Friday, June 29, 2012

Batty About Books - Fahrenheit 451 by Ray Bradbury

Source: Wikipedia
This week the Batty About Books duo is discussing
Fahrenheit 451- The Movie

Last week, in honor of Ray Bradbury's passing, we read and discussed the classic, Fahrenheit 451. This week we watched and compared the movie.

Fahrenheit 451 - Francois Truffaut (director)
Overall I didn’t like the movie. I’d seen it before, but not this close to reading the book.  The differences between the two were startling.  I understand that a director and a script writer have to make decisions on how best to make a book visual, but I felt as if they changed the underlying themes.
Maria: I am pretty sure I haven’t seen this movie before. I agree, there are always things that need to change in a screen adaptation. I often have students watch a movie version of a book we’ve read. I’d say a major goal is to NOT change the overall meaning of the story... major fail here.

Clarisse - she was WAY too old. Not even sure why she still lived with her uncle. She didn’t convince me that she was this happy-go-lucky young lady at all. It answers my book question on why she was so young in book - made the story more believable. This just seemed odd.
Maria: Agreed. This was one of my complaints as well. She just made no sense, and didn’t really impact Guy the way she needed to.

Fire Chief - did not understand why he kept berating those two young firemen. Was it to show us how mean he was? His stiffness was the exact opposite of the chief in the book. You would not be afraid of him, you would more likely make fun of him. He seemed odd.
Maria: Yes! I can’t believe I didn’t mention that one. His character was so engaging - rich - and almost believable in the book. In the movie, though, I didn’t understand him at all! All the characters seemed stiff (though that’s partly the acting of the time). They all seemed fairly doped up for the entire movie.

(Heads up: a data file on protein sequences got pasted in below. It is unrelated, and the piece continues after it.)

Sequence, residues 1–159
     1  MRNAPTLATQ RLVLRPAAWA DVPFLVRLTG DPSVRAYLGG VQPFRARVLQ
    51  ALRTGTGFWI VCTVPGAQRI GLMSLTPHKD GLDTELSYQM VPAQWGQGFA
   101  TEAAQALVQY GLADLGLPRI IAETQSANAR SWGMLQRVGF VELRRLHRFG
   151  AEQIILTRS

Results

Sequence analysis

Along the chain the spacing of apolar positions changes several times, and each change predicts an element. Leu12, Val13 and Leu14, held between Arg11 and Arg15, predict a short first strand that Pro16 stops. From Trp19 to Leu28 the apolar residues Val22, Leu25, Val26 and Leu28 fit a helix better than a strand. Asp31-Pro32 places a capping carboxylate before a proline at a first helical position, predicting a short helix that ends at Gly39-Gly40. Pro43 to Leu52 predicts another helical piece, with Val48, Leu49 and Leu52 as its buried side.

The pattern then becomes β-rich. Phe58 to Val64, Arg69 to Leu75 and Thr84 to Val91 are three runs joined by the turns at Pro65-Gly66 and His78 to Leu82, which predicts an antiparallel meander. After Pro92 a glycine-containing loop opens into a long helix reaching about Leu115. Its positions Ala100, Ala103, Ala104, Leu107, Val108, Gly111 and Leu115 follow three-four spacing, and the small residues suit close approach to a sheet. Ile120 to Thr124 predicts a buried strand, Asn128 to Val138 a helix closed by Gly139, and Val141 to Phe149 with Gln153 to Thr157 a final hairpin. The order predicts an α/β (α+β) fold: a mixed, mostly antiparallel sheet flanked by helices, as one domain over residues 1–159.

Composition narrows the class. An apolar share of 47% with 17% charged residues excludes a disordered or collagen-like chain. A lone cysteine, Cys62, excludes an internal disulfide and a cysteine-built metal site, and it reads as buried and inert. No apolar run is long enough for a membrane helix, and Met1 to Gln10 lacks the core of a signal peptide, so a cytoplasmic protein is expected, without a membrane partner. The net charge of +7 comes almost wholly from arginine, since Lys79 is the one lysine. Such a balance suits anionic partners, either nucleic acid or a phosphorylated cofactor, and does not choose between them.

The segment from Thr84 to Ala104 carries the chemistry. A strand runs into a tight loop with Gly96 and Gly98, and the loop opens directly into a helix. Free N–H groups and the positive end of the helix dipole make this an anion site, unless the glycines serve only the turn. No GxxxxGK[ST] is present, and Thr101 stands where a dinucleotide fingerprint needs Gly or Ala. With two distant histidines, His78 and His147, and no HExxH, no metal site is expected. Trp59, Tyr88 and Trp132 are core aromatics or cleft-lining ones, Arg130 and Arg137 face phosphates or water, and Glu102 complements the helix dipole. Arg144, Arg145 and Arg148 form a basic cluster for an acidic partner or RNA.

Faber - why did they chose to leave him out? The idea that Montag needs a mentor to help him make the transition from firestarter to reader makes sense. He doesn’t use that part of his brain.  Leaving Faber out leaves too much for Montag to figure out on his own. Odd choice.
Maria: The only thing I could think of is that adding Faber into the story adds more complexity - and more length to the movie. I know we’re used to movies that are close to or over 2 hours, but I think movies were shorter back then. I agree, though, losing this character caused us to make huge jumps in logic. Faber was so critical to Guy’s development.

Linda - Did they change her name because they made the her so much younger? And prettier? I pictured her as old and worn out and drugged. In the movie she was young and vibrant and used drugs yes but the her overdose was not believable.  They changed so much about her it was as if she was a new character! This was like the opposite of Clarissa - she was more like how I pictured Clarissa to be! Odd!